I do not know where your getting your misguided facts but they are wrong. Now I also realize that everystate does things differently. In some areas , none ive ever seen, the officer does contact a represenitive of the da's office and goes over the case prior to making the arrest. No one i know including myself calls the Da's office and lets them make the charge. Those attorney's have to much to do Like taking cases to trial , which is what they do.

Now you say you worked in law enforcement, are you telling me when you arrested someone you didnt charge them.

Also in prior post about persons having the right to detain someone if they see them committ a crime you disagreed with me. You worked in law enforcement and you disagree with that. Most shoplifters are detained by store employees. They have no police training, or special powers that other citizens dont have.

Also If you worked in law enforcement you know that people are arrested every day for a crime they did not actively take part in. such as 3 guys walking down the street, 2 burglarize a home, 1 stays outside. Once the burglary is over all 3 continue down the street to be picked up and arrested. A witness identifies all 3 and tells how all 3 took part in the crime. If you worked in law enforcement you know the guy that didnt go in the home is also guilty of that burglary. Here is ga its called conspiracy to committ said crime, in the case its burglary.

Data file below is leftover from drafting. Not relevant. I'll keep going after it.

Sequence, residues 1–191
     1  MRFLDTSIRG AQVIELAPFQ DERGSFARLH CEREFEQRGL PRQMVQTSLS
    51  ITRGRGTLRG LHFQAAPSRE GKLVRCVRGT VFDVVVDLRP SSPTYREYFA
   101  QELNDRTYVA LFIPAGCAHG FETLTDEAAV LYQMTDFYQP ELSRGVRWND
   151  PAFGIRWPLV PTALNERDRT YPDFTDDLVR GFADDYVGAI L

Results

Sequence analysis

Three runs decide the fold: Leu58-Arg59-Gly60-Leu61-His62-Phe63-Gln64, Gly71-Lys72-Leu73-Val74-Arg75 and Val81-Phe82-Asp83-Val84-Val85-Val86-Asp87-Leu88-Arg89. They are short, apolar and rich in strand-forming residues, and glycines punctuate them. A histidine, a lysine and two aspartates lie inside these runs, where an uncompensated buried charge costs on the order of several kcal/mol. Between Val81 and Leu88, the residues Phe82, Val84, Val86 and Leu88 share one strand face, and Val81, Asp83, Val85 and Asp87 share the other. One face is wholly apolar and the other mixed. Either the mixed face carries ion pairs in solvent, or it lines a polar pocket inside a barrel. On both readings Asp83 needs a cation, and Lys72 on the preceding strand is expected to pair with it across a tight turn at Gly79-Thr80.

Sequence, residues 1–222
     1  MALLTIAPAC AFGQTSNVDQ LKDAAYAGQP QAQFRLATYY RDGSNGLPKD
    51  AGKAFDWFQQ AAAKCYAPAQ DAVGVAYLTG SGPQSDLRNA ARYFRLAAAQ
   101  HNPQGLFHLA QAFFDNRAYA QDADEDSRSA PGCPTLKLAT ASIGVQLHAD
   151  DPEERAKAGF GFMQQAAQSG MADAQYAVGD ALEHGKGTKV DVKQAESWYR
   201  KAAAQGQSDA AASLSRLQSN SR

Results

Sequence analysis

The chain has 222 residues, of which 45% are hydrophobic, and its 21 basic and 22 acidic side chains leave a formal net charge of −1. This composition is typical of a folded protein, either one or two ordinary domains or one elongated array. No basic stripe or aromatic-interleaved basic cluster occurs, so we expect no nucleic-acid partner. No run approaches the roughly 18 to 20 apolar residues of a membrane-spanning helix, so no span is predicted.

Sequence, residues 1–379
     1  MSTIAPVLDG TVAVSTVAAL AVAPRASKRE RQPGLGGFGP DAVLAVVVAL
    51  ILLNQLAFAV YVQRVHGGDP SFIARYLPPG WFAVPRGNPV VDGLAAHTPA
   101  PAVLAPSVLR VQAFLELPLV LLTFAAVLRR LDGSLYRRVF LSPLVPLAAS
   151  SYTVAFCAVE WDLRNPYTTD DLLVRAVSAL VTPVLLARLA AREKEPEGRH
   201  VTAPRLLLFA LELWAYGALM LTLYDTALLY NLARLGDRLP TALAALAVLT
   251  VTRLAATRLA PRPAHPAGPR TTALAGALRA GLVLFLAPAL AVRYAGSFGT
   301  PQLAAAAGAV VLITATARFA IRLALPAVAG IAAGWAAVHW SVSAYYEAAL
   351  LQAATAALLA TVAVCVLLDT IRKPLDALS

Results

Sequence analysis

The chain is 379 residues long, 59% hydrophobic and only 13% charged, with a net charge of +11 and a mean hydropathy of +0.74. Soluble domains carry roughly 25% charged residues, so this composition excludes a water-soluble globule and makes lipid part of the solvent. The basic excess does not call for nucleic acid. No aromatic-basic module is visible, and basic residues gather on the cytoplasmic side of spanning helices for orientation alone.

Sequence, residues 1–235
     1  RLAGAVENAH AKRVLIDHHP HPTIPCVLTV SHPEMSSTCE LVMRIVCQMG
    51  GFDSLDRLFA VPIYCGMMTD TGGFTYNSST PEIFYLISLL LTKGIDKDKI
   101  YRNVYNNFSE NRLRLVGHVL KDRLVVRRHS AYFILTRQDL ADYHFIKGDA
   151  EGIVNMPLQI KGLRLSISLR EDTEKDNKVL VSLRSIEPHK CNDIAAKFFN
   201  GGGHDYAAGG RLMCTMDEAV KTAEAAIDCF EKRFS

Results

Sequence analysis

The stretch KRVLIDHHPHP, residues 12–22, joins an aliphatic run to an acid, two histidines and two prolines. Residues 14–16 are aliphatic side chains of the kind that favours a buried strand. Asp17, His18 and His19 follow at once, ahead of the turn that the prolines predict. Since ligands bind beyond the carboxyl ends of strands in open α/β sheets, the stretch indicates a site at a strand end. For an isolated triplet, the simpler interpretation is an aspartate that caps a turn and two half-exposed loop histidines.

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Old 03-15-2012, 08:25 AM   #104
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I'd really like to see Det Brees and the others that supported the police in this case respond to the latest allegations of misconduct and wrongdoing.

I for one am not surprised by these allegations. This case stunk to high heaven from the very beginning, reaching all the way over here. I had a Nigerian friend come up to me the other day wanting to talk about it.

It's always interesting how people like Det Brees lets their bias get in the way of their sense of smell.
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Old 03-15-2012, 11:39 AM   #105
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Quote:
Originally Posted by drob8785 View Post
I'd really like to see Det Brees and the others that supported the police in this case respond to the latest allegations of misconduct and wrongdoing.

I for one am not surprised by these allegations. This case stunk to high heaven from the very beginning, reaching all the way over here. I had a Nigerian friend come up to me the other day wanting to talk about it.

It's always interesting how people like Det Brees lets their bias get in the way of their sense of smell.
Oh yeah, we are the only side that does that. The rest of the population never just assumes the police are wrong...